The Rwandans and the others just marched through and Mobutu's soldiers just saw them and ran away. They did not want to fight against them. But actually the Rwandans were more interested in fighting against the Hutu extremists who had fled from Rwanda after the genocide, than doing anything else. They were pursuing the Hutu extremists. They were not really interested in fighting Mobutu's troops. But because Mobutu's troops were more demoralised they just ran away.
Despite efforts by OAU and other concerned Africans, peace still eludes Congo. Do you intend to seek assistance elsewhere?
No. I think this is an African problem that needs an African solution. The OAU has tried and I don't see its efforts as a waste of time. Because I remember that under the Lusaka agreement, the OAU was given the task to appoint a neutral facilitator for inter-Congolese dialogue and OAU chose President Masire before President Obasanjo. So he is working under the authority of the OAU so the inter-Congolese dialogue is summoned and being held under the authority of the OAU. And South Africa and SADC are being engaged because Congo is a member of SADC which is also presently trying to broker an agreement in Sun City. So I wouldn't say that all African efforts have failed. As you know negotiations do take time. They take a long time because the parties to the dispute must canvass that their interests are being advanced. They're simply not going to give up. But one does not have to lose hope that this process would go on. What we hope is that these people would look farther than their own interests and put the country's general interests, peoples' interests. Patriotic concerns should take over their individualistic political interests.
Sometime ago Daily Trust spoke with the Belgian Ambassador to Nigeria after the apology Belgium tendered over its role in Patrice Lumumba's assassination. According to him his country is trying to broker peace and also give scholarship awards to young Congolese to study about democracy, conflict resolution and other related issues. Now that you are saying that the war is an African problem that requires specifically an African solution, how do you see things working out?
Yes the international community has a role to play. And of course they are partly responsible for our troubles, Belgium, the US and France in the first place. So any support they can give us is fine so long as that support is not being given with the idea of controlling the process. For example I am among the Congolese who objected Belgium convening a meeting of Congolese political parties and civil-society organisations in Brussels to discuss the issues of our country. I say the times of colonialism are over. We don't need that. What Belgium has to do is to support the African initiatives. This is what we want Belgium, France, the United States etc.to support the African initiatives. Not to take initiatives of their own. Because if we have too many initiatives, that's a problem. Sometimes they may run at cross-purposes. Because political actors are strange animals as you know. They would smell something they'll say go have this initiative rather than that one. So then we end up in total chaos. So we say we don't want the Belgium, the French and the American initiatives. Let's just go along with what we have. For example somebody may say we have the OAU, the UN and Zambia, that's enough, we don't need anymore. These are the kinds of things people would say.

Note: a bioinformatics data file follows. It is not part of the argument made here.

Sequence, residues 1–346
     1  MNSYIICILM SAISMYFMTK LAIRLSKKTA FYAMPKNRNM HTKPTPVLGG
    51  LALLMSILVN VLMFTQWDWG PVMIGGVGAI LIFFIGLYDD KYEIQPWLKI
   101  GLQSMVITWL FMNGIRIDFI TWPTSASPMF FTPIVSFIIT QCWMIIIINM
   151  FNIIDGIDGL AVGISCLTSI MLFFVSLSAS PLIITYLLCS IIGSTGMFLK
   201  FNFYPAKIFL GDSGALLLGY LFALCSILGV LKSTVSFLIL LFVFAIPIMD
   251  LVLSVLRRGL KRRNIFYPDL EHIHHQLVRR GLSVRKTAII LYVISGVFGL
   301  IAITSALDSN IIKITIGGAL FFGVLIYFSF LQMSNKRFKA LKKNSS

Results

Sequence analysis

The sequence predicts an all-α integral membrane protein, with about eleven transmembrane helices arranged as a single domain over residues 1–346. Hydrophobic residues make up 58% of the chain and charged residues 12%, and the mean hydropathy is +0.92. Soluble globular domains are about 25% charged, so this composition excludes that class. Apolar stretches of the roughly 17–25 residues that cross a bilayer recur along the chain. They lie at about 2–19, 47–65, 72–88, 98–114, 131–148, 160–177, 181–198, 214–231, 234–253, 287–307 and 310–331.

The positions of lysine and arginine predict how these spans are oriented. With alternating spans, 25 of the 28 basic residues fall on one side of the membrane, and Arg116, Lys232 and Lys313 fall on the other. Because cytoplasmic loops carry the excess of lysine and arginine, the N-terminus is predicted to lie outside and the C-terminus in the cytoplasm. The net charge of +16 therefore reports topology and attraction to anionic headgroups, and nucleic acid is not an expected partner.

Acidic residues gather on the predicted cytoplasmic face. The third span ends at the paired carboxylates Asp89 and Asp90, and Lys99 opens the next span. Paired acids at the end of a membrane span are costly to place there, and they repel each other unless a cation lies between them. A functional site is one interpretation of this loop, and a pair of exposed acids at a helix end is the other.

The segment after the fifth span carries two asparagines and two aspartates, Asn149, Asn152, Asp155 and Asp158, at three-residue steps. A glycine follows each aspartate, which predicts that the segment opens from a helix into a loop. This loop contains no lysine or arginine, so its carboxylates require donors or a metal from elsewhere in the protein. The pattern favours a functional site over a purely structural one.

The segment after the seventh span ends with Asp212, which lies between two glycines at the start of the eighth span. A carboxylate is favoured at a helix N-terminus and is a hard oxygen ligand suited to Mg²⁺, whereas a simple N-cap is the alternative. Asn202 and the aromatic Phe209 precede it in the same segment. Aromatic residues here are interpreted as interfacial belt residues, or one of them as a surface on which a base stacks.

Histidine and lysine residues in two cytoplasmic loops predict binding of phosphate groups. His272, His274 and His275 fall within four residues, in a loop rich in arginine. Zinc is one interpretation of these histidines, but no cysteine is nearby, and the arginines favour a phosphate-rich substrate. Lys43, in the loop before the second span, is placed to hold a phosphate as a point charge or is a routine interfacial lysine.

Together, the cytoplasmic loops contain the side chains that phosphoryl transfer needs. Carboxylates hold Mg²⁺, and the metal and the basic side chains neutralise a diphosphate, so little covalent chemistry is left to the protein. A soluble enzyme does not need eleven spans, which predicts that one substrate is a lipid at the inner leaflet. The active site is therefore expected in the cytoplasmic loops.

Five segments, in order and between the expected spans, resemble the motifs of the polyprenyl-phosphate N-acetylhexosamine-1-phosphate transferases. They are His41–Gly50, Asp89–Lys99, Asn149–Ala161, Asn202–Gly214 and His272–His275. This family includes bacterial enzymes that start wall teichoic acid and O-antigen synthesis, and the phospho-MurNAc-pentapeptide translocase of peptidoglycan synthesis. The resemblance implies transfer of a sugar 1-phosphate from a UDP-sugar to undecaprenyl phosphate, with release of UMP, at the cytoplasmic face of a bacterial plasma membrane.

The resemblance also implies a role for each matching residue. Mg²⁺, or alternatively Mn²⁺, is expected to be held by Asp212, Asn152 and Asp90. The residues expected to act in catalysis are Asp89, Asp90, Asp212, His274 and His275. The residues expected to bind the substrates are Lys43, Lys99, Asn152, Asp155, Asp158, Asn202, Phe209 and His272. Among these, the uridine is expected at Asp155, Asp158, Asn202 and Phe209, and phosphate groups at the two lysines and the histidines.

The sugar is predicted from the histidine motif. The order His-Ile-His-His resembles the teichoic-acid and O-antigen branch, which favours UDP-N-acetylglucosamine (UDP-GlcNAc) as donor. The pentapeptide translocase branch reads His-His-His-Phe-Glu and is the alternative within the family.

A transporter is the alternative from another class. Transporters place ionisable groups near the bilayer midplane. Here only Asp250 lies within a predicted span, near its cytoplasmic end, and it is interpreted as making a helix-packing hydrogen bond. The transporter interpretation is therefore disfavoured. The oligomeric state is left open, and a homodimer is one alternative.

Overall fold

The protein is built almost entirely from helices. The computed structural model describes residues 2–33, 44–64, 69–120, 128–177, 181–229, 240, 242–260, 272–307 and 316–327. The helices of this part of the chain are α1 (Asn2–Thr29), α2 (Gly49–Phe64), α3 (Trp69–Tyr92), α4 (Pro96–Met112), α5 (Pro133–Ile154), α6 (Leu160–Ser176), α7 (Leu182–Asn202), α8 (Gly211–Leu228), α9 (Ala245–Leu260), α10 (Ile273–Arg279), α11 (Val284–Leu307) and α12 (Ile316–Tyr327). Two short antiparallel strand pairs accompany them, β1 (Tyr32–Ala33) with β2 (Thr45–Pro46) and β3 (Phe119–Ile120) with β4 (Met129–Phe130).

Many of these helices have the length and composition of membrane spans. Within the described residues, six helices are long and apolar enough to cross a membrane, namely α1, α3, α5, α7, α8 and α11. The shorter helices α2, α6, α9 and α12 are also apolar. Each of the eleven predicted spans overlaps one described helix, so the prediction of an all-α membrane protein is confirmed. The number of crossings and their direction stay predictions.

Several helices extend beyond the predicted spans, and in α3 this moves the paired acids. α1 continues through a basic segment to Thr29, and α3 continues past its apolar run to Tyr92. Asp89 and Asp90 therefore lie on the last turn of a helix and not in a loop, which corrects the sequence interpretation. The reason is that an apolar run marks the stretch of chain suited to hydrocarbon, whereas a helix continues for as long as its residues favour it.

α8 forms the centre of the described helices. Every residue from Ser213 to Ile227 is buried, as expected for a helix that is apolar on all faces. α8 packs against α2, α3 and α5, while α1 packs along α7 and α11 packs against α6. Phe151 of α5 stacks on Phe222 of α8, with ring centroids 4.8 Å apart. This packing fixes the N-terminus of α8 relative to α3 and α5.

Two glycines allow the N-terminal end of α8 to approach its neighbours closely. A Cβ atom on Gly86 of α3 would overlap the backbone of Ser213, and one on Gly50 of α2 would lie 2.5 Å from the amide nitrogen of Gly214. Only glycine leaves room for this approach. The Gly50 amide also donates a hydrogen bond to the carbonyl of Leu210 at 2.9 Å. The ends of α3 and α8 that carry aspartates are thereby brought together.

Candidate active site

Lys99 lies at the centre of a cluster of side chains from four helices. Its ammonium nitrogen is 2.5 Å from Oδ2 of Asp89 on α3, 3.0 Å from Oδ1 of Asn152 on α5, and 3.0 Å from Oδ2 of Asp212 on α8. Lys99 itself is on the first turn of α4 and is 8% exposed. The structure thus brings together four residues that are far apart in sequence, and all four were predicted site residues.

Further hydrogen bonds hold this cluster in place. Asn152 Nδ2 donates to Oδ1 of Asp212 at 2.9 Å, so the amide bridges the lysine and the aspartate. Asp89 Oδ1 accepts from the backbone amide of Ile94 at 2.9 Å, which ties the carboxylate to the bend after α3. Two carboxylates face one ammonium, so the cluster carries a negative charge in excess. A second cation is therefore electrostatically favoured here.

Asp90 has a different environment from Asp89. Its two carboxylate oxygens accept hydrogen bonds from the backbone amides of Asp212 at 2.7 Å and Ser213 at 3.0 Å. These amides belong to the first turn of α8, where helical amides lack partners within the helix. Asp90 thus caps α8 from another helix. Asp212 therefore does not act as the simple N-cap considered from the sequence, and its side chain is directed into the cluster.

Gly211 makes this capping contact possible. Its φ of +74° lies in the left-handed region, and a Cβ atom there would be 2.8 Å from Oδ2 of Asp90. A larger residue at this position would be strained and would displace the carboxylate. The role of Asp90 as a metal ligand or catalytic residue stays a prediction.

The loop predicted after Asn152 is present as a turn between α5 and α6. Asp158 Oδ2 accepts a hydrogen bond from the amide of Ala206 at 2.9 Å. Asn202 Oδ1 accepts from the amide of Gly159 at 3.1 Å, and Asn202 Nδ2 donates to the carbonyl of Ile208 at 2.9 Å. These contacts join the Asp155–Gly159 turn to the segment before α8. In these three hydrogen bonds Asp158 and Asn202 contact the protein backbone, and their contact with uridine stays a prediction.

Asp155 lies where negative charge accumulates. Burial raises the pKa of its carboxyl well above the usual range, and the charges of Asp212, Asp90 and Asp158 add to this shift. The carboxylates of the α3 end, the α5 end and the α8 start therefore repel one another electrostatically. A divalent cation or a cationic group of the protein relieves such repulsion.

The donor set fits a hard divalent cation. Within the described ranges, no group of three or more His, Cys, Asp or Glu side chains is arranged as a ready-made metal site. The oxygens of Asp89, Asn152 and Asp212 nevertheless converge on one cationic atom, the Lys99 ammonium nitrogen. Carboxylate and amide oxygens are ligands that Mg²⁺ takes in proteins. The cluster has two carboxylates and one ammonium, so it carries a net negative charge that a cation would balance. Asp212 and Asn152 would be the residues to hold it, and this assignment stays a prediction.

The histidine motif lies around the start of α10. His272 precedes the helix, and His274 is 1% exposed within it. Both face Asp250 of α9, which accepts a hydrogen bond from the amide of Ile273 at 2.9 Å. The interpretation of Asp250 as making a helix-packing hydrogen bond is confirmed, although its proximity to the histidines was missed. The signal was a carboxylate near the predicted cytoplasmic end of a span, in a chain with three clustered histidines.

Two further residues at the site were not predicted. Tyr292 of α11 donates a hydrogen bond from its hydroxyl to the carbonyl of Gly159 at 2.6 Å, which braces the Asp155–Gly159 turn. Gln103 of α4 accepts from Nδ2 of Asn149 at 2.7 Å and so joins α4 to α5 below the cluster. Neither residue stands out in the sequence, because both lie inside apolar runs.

Nigeria is involved in playing crucial roles through its Foreign Affairs and Cooperation and Integration ministries
(Cuts in). Well Nigeria is involved not at the level of ministries but at the level of special envoy. The special envoy for conflict resolution, Ambassador Ralph Uwechue has been the key person from President Obasanjo in the Congo crisis. He has made several visits to the Congo. He has met all the different groups, the rebel groups and the other political groups. He has been following closely what is happening in Congo. So I think that is extremely valuable. Nigeria is a major role player.
With the dimension taken by the crisis in that whole region the implication must be grave for Africa. How would you analyse this?
It is terrible. I gave the analysis in my paper yesterday. It is catastrophic. It has resulted in the death of over three million people. This is a crisis of monumental dimensions. And it is really unfortunate that the world community is not taking us seriously. Our situation is just as grave as the situation in Palestine, just as grave as the situation in Afghanistan. But we are not given half the attention given these other crises.
So what message do you have for the UN
Well the message is a simple one, that we have to maintain the same standard for everyone. There has to be single international law for everybody. If you want to punish one country for invading another, punish all the countries that invaded other countries. If you want to punish one country that disobeys Security Council resolutions then punish all countries that disobey Security Council resolutions. That is the only moral standard anybody can take.
But we Africans too must stop crying that others have not done this or that for us. We can do it if there is the political will. We have the human, material and natural resources to do it. And we can do it. Take for example, the role played by Nigeria in solving the crises in Liberia and Sierra Leone. Without the political will of the leadership in this country those countries wouldn't have known peace. We should take the initiative in solving our own problems.